Wotans Nation claims, in its most recent blog post, that it takes no political stances and endorses no political parties, that it is a purely theological organization. Such a statement in itself is a smokescreen, an attempt to obscure that theology cannot help but be political. Perhaps the founders of Wotans Nation no longer openly endorse Nazism, but their theology has white supremacy at its heart; it can’t help but reflect those politics, regardless of their claims to the contrary.

All that said, it should not be surprising to us at this point that there is a racist current in Heathenry, nor that racist Heathens would avail themselves of the opportunity to make a separatist commune in the United States. There have been plenty of attempts to create these kinds of projects in America, including many from both the Pagan and the racist wavelengths that Wotans Nation draws upon; in that sense, there isn’t much novel about this project, save for its mixture of the two currents.

One instinctive response to this story would be to declare the entire idea behind Wotans Nation to be “not us,” a foreign concept that bears no relationship to “true Heathenry.” That was certainly my first reaction. But I think it’s a disingenuous response. For one thing, we can’t just declare something “not Heathen” because it horrifies us – to do so absolves us of the responsibility to counter those elements within our religion. It lets us pretend that there is no relationship between the overt white supremacists and the rest of us, which is precisely the dynamic that allows white supremacy to maintain its grasp on the broader American culture. The truth is that developments like Wotans Nation are very much a part of Heathenry, and very much a part of Paganism in general; my personal revulsion to racism in Heathenry does not excuse me from having a responsibility to acknowledge and fight back against it. Quite the opposite.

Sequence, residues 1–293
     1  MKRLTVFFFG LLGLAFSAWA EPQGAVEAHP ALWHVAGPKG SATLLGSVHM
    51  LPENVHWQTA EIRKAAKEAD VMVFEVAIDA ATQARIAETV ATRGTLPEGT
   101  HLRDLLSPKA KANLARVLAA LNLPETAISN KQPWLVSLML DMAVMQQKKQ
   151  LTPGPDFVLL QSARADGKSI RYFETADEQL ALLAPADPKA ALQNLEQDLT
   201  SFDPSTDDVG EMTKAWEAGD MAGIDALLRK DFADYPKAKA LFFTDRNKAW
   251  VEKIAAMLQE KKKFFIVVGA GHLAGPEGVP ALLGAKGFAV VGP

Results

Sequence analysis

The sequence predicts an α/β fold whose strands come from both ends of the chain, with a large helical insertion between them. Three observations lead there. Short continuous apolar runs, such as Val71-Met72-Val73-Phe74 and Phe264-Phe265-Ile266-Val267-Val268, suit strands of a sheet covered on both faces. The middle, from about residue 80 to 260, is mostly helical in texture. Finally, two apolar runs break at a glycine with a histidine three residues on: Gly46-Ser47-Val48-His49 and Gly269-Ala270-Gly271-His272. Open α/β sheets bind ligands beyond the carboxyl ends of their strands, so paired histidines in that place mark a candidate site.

The altar beside Forn Halr at Gaea Retreat [Eric Scott].

What troubles me about Wotans Nation is that the idea of a community where the residents joyfully and willingly make Heathenry a foundational part of their lives seems beautiful in the abstract. We spend so much of our lives in denuded, disenchanted spaces where we are made to think only in terms of how much money we can acquire and how many toys for which we can trade. The desire that Wotans Nation describes for a life centered around a connection to the wilderness and to religious tradition is one that seems wholly rational to me; it is a similar impetus that has kept me going back to the Gaea Retreat again and again for so many years. I think of my favorite place on Earth, the vé at Gaea called Forn Halr, an oak tree with a Thor’s hammer hanging from its bough; to me, it is a place of devotion and welcome. But I acknowledge that not all Heathens will see the same thing when they look at that tree.

Pagan land is a beautiful idea – a place to be free, to build communities that provide an alternative to the alienation forced on us by modernity. Wotans Nation, it must be said, would indeed provide such an alternative – but one that responds to disaffection with only further domination.

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The views and opinions expressed by our diverse panel of columnists and guest writers represent the many diverging perspectives held within the global Pagan, Heathen and polytheist communities, but do not necessarily reflect the views of The Wild Hunt Inc. or its management.